aq_blues 07-21-2011 03:23 AM

Current flow from higher to lower potential

2 Attachment(s)
Hi All,
This morning I got my concepts shattered. I had started my engineering with this sentence: 'current flows from high potential to low potential'
This is evident in my first schematic where we see current flowing from +5V to -5V terminal.

But in my second schematic, I do not understand why the current would not flow from +5V to -5V termial. Instead, I see two currents. One flowing from +5V to ground and the other flowing from -5V to ground.

If anybody can shed some light, I would be thankful to him.
Thanks,

 Ron H 07-21-2011 04:39 AM

1 Attachment(s)
Current flows from + to -, as you said. See attachment.

 aq_blues 07-21-2011 06:14 AM

I understand the current flows. What I do not understand is, why the current would not flow from +15V terminal to -15V terminal. Why would it go to ground instead, where in the bottom it can see the -15V(which is lower potential than the gnd)(As said, Current flows from higher potential to lower potential and -15 is lower)

 t_n_k 07-21-2011 06:55 AM

The center bridging link in the second schematic effectively de-couples the upper & lower parts of the original schematic. The two "halves" are then effectively two completely independent circuits insofar as the current flow in each case is concerned. The fact that they share a common link is irrelevant.

Interestingly you have nowhere designated on the schematics what you consider to be your ground point.

 Jony130 07-21-2011 10:01 AM

1 Attachment(s)
simply add resistor between +5V and -5V

 ErnieM 07-21-2011 11:07 AM

Quote:
 Originally Posted by aq_blues (Post 382212) Thanks Ron for the reply. I understand the current flows. What I do not understand is, why the current would not flow from +15V terminal to -15V terminal. Why would it go to ground instead, where in the bottom it can see the -15V(which is lower potential than the gnd)(As said, Current flows from higher potential to lower potential and -15 is lower)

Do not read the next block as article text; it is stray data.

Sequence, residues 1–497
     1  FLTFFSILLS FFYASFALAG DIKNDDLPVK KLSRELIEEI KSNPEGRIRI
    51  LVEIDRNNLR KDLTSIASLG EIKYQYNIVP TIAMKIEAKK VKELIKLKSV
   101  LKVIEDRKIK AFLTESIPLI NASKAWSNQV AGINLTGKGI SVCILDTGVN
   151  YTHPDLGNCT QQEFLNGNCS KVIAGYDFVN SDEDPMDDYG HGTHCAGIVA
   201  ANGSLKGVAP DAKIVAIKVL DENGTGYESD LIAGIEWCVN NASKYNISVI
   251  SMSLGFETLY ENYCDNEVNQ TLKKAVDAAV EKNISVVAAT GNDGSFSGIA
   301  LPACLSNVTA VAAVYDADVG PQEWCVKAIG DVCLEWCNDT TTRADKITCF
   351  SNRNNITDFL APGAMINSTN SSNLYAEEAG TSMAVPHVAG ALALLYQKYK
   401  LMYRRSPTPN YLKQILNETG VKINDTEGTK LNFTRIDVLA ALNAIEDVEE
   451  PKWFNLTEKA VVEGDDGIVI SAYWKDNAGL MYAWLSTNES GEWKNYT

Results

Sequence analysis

Here is another way of drawing your circuit:

Current requires a loop to flow. Voltage requires two points to establish a potential.

Neither exists between these supplies as they are connected at only 1 point.

 GetDeviceInfo 07-21-2011 03:43 PM

Quote:
 Originally Posted by aq_blues (Post 382212) Thanks Ron for the reply. I understand the current flows. What I do not understand is, why the current would not flow from +15V terminal to -15V terminal. Why would it go to ground instead, where in the bottom it can see the -15V(which is lower potential than the gnd)(As said, Current flows from higher potential to lower potential and -15 is lower)
the current does flow from +15 to -15, however, because the loads are not balanced, the difference in loop current flows through common.

 ErnieM 07-21-2011 04:36 PM

Quote:
 Originally Posted by GetDeviceInfo (Post 382319) the current does flow from +15 to -15, however, because the loads are not balanced, the difference in loop current flows through common.
Look again.
No current from the +15V battery goes thru the -15V battery.
No current from the -15V battery goes thru the +15V battery.

 GetDeviceInfo 07-21-2011 05:14 PM

Quote:
 Look again. No current from the +15V battery goes thru the -15V battery. No current from the -15V battery goes thru the +15V battery.

Current in the common leg is the sum of the two loops, and not actually flowing in both directions. Where does the difference flow?

 ErnieM 07-21-2011 06:32 PM

Huh, well you got me there. The difference flows around the outer loop. Simple KCL applied to the two nodes of the middle wire.

What I find surprising is my drawing actually changed the circuit by adding two paths side to side. This allows each current to flow in it's own middle wire and thus there is a zero outer loop current.

Here the topology change actually changed the currents. This is a first for me.

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